Not Keeping Score as a Partner


by Chelsea Becker, Editorial contributor

Want to know one of my worst qualities? I keep score in my marriage - like a lot. Before kids, it was tallied by household chores and social events. Once our son was born, my score-keeping tallied everything it could...and more.

As a lot of mamas can probably relate to, I was “outscoring” my husband day after day and a lot of the responsibility fell on me, or at least I thought it did. I’d breastfeed around the clock which meant getting up around the clock. I’d grab the baby when he was fussy since I had watched endless videos on how to soothe. I’d frantically do our laundry in the middle of the night. I’d put away every single play mat and book before bed. And I’d still do all the household chores I’d always done. I was scoring higher in parenthood and marriage yet I had felt like I was losing more at the game of partnership.

Luckily, my sweet husband hasn’t divorced me because of my score-keeping demons. He doesn’t keep score or judge me for doing so. In fact, he absorbs my outbursts about how he’s “always doing less,” does whatever chore I ask him to, and helps with the baby at the drop of a hat. He also never speaks up about the tasks he does behind-the-scenes (cleaning gutters, bills, taking care of our tech and health care, researching the safest car seats, etc).

But even with his kind cooperation, I could feel my score-keeping eating away at our relationship. Now that we were parents, did I really want to treat him like this in front of our son? Nope. Did I want this resentment and negativity in our home? Definitely not.

Weren’t we on the same team?

The answer is we are on the same team. We chose each other in partnership and parenthood, yet I was trying to win the game.

It’s a constant struggle for me - the art of not keeping score. It’s something I have to intentionally think of every single day. But what I find is that all it takes is better communication on my part. My husband reacts well to lists and instructions. He’s never going to notice when a book is out of place, and we have different interpretations of a “messy house”. He’s never going to be 9 months pregnant YouTubing ‘how to soothe a newborn’ at 3 a.m. He’s also never going to be able to breastfeed or be the mother who naturally takes on more of the responsibility in the newborn stage.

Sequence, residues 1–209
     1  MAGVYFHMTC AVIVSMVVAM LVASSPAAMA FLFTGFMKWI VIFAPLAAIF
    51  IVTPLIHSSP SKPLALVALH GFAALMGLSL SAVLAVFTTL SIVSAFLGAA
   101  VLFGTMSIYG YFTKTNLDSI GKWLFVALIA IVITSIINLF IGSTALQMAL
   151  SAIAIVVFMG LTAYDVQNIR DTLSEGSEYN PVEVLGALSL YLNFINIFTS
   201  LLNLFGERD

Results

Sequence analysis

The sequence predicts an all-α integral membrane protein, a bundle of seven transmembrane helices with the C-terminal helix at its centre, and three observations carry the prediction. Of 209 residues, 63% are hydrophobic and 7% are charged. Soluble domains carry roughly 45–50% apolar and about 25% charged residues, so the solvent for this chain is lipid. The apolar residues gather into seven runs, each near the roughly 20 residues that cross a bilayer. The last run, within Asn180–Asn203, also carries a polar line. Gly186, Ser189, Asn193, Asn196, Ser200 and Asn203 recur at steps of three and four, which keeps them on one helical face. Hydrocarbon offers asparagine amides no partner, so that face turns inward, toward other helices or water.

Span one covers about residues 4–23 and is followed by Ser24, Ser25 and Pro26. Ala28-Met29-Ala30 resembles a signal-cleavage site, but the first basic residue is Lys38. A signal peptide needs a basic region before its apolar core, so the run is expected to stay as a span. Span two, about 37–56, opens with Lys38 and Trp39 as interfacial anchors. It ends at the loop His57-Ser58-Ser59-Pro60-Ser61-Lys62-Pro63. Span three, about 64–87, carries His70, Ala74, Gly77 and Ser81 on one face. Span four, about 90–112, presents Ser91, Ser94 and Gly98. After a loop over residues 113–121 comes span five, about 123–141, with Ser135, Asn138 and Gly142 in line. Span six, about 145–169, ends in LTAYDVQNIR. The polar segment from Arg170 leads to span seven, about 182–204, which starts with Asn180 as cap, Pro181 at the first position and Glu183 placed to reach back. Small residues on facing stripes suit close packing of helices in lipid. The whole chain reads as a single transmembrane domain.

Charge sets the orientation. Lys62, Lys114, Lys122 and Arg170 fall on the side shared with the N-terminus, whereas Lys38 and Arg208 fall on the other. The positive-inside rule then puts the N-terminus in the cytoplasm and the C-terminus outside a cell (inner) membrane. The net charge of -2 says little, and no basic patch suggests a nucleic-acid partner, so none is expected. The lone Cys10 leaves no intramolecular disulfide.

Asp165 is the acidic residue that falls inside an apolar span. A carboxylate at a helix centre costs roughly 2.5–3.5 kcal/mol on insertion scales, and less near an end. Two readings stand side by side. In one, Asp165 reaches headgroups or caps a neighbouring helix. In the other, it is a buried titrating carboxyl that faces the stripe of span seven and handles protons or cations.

But he can plow through a checklist. He can add events to a shared calendar to help us stay organized. He can learn how to soothe the baby if I show him or send him a link. He can give our son a bottle and eliminate a night feed for me. He can help me in any way as long as I give him an opportunity before doing it myself and taking it out on him.

So that’s what I’m trying to do: giving him the chance to help in his own way and throwing the scorebook out the window. Because being on the same team feels good and I’m always a better wife and mother when I put us there.

Please tell me you’ve felt yourself keeping score? Am I the only monster? Or better yet, if you don’t, how do you avoid it in your home?

Chelsea Becker is a San Francisco based writer, creator of becker editorial, and on the editorial team at MU. She’s expecting her first child this spring.

Photo by Pablo Heimplatz on Unsplash